Elliptic Labs launched ultrasound proximity software, BEAUTY, for smartphones to replace hardware-based sensor, reported The Verge on Monday. The latest innovation is likely to make phones sleeker and less expensive.
The pioneer has turned its focus to redesign the optical proximity sensor for smartphones. It aims to materialize the user interface (UI) market for cellular gadgets through its impressive ultrasound technology. Previously, the hardware-based optical sensors proved to be of great worth for global smartphone manufacturers. The sensors allowed users to eliminate chances to unintentionally touch screen to attend a call without a hands-free.
BEAUTY may replace the hardware-based optical proximity sensors, increase the esthetic appeal of smartphones, and eliminate the holes visible on the front, which detected proximity earlier. Older optical proximity sensors required a rectangular black hole or two circular holes (lying next to each other) on the screen. These were used to deactivate the touchscreen, as the user received calls and avoided to end it by touching the screen.Smartphone manufacturers remained keen to find a suitable alternate to remove these unattractive holes from the phone’s faceplate to make it attractive. However, they were unable to do so till date, and could not remove the unappealing holes as well. The removal of these holes might result in touching the user’s cheek with the screen, and activate unnecessary functions.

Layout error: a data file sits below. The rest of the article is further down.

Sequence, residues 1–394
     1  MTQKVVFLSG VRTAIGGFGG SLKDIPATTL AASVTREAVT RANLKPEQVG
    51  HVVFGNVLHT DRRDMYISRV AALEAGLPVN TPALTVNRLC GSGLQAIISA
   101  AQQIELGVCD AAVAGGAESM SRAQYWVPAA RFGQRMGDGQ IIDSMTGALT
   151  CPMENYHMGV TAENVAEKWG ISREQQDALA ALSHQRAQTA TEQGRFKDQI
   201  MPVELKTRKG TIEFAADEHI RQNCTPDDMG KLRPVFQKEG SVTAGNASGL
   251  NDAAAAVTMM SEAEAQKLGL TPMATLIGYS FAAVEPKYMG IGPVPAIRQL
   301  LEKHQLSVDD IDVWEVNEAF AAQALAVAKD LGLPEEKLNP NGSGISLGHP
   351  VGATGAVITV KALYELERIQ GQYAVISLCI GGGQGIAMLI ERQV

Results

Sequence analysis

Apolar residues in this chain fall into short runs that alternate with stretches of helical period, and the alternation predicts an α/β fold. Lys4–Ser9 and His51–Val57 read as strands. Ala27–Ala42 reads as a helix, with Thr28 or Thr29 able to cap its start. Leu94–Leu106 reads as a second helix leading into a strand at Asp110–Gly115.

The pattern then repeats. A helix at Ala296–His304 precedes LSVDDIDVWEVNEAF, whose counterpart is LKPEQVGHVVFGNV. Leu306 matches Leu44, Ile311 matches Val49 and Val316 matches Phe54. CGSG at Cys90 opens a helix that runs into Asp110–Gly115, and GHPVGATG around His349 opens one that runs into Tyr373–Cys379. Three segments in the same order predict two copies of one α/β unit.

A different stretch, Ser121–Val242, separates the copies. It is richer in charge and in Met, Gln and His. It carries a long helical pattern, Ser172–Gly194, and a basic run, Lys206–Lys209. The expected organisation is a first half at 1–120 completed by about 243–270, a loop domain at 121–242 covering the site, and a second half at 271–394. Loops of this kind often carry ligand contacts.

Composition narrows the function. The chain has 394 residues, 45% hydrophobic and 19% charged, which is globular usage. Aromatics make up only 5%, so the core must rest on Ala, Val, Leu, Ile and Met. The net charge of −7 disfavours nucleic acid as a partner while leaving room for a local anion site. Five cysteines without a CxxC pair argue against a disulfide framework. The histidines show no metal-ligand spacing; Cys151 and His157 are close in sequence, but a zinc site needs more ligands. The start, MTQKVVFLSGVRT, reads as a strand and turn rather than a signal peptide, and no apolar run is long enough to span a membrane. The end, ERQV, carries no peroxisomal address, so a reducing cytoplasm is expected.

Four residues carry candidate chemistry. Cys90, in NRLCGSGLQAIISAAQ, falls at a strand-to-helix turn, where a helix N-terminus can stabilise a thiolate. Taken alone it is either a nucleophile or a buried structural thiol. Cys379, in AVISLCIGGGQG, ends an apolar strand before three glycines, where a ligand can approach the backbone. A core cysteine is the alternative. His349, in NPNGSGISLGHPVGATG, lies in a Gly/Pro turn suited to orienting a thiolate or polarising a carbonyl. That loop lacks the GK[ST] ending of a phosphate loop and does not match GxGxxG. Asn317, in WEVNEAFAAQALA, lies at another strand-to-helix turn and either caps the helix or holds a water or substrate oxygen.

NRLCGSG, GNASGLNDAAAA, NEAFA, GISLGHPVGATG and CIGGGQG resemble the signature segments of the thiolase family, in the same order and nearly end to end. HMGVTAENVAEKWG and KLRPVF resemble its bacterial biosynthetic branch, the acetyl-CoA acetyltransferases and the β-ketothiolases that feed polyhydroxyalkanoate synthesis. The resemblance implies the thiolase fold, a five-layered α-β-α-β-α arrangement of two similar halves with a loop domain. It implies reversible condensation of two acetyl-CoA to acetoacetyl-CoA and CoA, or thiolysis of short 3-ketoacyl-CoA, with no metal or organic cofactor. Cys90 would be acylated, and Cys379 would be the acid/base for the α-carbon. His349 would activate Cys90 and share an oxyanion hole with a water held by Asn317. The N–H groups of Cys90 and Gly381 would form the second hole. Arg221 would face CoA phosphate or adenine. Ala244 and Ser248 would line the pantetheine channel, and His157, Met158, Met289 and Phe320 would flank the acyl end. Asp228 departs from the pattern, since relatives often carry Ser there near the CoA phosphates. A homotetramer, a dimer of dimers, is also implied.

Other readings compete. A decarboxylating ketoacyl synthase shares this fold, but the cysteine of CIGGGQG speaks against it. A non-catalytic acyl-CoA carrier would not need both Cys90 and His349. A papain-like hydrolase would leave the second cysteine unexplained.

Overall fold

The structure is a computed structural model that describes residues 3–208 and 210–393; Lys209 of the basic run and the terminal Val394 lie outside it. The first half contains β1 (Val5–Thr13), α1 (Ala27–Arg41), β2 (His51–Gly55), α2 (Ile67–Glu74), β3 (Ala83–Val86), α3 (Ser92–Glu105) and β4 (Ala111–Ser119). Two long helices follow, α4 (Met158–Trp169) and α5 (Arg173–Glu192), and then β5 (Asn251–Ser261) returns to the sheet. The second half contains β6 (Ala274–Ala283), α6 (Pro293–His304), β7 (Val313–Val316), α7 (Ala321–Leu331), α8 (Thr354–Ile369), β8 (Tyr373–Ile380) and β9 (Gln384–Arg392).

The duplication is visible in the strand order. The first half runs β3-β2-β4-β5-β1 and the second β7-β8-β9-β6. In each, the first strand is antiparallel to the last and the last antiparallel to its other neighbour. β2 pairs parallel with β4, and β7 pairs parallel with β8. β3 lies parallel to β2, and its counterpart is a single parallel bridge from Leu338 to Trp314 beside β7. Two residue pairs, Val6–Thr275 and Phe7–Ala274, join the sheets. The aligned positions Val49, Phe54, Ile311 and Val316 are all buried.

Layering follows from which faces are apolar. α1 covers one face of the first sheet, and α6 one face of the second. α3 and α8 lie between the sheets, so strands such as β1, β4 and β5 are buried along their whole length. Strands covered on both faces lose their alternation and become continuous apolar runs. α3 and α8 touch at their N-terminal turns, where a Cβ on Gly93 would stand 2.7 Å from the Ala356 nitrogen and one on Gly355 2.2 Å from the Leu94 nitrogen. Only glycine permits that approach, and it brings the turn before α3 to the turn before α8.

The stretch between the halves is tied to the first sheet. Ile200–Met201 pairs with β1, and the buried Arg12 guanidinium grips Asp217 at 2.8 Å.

Elliptic Lab’s CEO, Laila Danielsen said her company intends to materialize the untapped niche through this latest innovation. She seemed affirmative that the ultrasonic software-only solution “BEAUTY” would replace and outperform its antecedent optical hardware sensors. It would also enhance mobile design, and reduce the cost of production for manufacturers. She signaled: “we will see our BEAUTY solution incorporated into phones in 2016.”
Experts believe that Elliptic is set to dive into a multi-billion dollar market with its latest innovation. The need for hardware-based proximity sensor has remained imperative for cellular phones over several years due to the unavailability of its software-based successor. But now it can prove to be a potential game changer for OEMs by reshaping the visual appeal and production cost of future smartphones.